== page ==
What is Toleration?
Classical Liberalism, Explained
What is classical liberalism? It's a set of ideas that places the freedom of the individual as its central feature. Classical liberals disagree about many th...

Toleration is the belief that one should not interfere with a thing of which one disproves.

Toleration does not mean that you allow people to do things because you agree with it.

It is a moral principle that you will not try to force your opinion through for example government, your website or app to stop the things you disapprove of.

People should be allowed to say things of which we strongly disapprove. We are tolerating things even though we dislike and disprove it.

Thanks for posting this.

It’s not the same as what many call “tolerance” today. That sort of tolerance is the opposite of love or caring for mankind. I mean, let’s say you have a child who is suicidal. A loving parent would get them the psychiatric help that they need. One that practices today’s form of warped “tolerance” would be more like, “Let me buy you a gun so when you do commit suicide, you’ll be able to succeed at it and not suffer.”

Now, to stay on topic, maybe to a degree one has to be like the article on the greater scale. On a small scale, we are to be good neighbors to one another, and if someone is in trouble, we help them. But the article here is about the grand scale. Many things take a social movement rather than a legislative approach.

Consider the war on drugs, my principles here and the post can be taken together. Sure we can make every drug legal and remove penalties for buying, selling, making, transporting, and using, while at the same time, activist groups can push for responsible drug usage (like they did with HIV and condoms) and preachers are still free to preach against drug use. Such legal changes would not affect many things. Employers would still be free to drug test their employees. That is valid since the company shouldn’t want accidents or civil liability. Marijuana, for instance, isn’t all that bad in itself, but it can affect coordination and memory, and you don’t want employees making stupid costly mistakes while working. However, changing the laws would make it more acceptable for employers to keep drug-using employees. So long as they are not under the influence while they are working.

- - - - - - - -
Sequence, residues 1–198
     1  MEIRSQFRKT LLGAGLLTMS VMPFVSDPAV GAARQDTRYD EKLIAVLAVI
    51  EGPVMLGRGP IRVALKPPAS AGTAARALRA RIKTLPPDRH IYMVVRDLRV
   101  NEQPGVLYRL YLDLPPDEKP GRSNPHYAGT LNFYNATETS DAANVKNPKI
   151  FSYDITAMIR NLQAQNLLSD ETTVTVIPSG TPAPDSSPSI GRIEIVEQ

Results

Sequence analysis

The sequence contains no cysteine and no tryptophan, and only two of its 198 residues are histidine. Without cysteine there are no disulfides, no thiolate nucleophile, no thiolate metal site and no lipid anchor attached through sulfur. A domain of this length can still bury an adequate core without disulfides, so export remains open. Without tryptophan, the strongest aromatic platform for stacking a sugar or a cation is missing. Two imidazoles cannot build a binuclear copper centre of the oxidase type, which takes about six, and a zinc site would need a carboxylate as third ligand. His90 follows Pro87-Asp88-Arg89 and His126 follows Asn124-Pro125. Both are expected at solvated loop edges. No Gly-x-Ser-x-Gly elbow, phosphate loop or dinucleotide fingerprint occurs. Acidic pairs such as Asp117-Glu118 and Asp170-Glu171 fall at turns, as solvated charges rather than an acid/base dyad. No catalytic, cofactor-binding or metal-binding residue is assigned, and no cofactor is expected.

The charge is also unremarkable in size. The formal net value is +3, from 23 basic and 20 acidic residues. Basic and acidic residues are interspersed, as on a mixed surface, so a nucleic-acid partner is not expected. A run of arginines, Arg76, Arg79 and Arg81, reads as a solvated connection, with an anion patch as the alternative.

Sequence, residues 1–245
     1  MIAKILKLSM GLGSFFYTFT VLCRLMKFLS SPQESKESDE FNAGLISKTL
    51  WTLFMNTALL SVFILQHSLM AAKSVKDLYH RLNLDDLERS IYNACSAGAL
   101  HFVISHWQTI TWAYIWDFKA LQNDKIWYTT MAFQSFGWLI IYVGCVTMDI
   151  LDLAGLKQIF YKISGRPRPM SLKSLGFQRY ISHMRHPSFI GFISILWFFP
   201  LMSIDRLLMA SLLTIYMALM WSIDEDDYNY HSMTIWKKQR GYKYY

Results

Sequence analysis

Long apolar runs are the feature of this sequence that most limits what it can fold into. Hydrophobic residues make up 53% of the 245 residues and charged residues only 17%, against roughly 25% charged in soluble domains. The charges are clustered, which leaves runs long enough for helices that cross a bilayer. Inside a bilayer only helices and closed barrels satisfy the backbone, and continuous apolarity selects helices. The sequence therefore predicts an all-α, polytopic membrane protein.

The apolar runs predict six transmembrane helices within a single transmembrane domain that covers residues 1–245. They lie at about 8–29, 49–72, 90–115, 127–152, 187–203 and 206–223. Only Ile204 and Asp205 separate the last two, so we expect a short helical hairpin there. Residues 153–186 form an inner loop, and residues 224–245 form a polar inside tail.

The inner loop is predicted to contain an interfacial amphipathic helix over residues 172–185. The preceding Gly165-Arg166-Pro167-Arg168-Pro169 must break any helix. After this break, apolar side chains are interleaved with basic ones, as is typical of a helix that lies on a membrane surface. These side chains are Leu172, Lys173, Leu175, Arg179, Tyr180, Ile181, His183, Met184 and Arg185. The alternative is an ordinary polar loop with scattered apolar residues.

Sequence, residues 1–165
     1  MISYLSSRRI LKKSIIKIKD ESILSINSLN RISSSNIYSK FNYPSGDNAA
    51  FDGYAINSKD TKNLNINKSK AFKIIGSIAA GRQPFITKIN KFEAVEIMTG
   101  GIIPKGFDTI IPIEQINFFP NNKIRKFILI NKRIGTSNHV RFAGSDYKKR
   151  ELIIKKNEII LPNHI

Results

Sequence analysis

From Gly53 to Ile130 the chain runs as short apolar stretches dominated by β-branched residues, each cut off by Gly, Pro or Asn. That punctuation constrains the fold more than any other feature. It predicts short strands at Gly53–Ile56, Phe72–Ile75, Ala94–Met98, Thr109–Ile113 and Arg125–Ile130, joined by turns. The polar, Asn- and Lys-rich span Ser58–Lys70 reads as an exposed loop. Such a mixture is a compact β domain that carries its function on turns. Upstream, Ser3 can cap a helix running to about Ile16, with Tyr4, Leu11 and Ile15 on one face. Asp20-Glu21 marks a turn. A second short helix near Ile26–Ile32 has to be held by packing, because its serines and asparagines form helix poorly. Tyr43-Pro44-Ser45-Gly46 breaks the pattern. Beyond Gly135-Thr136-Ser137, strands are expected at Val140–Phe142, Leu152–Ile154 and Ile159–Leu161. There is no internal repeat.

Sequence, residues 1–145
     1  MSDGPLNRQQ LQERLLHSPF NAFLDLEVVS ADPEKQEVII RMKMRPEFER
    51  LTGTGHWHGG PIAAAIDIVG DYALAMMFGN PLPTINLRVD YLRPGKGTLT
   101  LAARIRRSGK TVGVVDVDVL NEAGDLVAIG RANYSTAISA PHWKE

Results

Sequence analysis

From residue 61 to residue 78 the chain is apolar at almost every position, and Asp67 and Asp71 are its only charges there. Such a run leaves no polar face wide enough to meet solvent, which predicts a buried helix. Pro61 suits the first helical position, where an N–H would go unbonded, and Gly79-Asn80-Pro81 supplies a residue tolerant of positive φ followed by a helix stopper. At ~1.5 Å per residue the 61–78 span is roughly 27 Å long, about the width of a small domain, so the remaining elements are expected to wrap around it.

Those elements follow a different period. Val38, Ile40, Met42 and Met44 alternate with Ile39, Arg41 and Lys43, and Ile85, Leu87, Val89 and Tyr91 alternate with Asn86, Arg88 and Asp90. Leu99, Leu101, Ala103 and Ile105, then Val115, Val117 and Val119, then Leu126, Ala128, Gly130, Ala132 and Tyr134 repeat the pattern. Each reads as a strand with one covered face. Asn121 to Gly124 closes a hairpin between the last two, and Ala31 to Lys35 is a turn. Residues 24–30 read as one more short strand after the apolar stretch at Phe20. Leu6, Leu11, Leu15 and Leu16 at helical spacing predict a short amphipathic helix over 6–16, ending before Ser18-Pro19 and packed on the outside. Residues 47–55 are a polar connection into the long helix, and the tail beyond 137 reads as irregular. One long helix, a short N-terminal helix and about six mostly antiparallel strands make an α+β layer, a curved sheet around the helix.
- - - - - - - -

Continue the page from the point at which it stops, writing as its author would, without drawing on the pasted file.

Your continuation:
I remember a case like that. A man at a dairy would slip into an unused cargo trailer with his girlfriend, and the 2 of them would smoke a joint together and have sex. Then he would return to work. One day, after his dope session, he continues his work of fueling the trucks. He put nozzles in both tanks on the rig. Then he immediately drives off, wasting at least 50 gallons of diesel fuel, contaminating the grounds of the nearby housing project, and doing at least $50K worth of damage to the building. Drug laws didn’t prevent that, and legalizing them might not have either, though, if it were legal to openly use, maybe one wouldn’t do it during their lunch break. They’d have plenty of other opportunities.

I think it’s good to have laws set up in such a way where you can openly be yourself, to the extent you don’t actively harm others. That encourages honesty. For instance, let’s say I’m hiring, and interviewing a prospect who then offers me a joint and proceeds to light it. I would know right then that they aren’t a good fit for the company, though laws say they have a right to use marijuana (which is why in my hypothetical example that I wouldn’t call the police on them unless they became assaultive or some other nuisance). I’d suggest that maybe they aren’t a good fit for my company, though I hear that maybe the nearby dispensary is hiring, and continue looking for candidates.

So yes, if we could take the best of classical liberalism and classical conservatism, I’d consider joining that party. So you could have a strong but small government that honors personal liberties, stops people from harming one another and has a one-size-fits-all set of rules. There would be no need for “hate crimes” laws since all crimes would be treated equally, regardless of who is harmed or why. “Hate crimes” laws came to be because certain victims didn’t get as much justice under the law. It was a hack to try to address a problem elsewhere.


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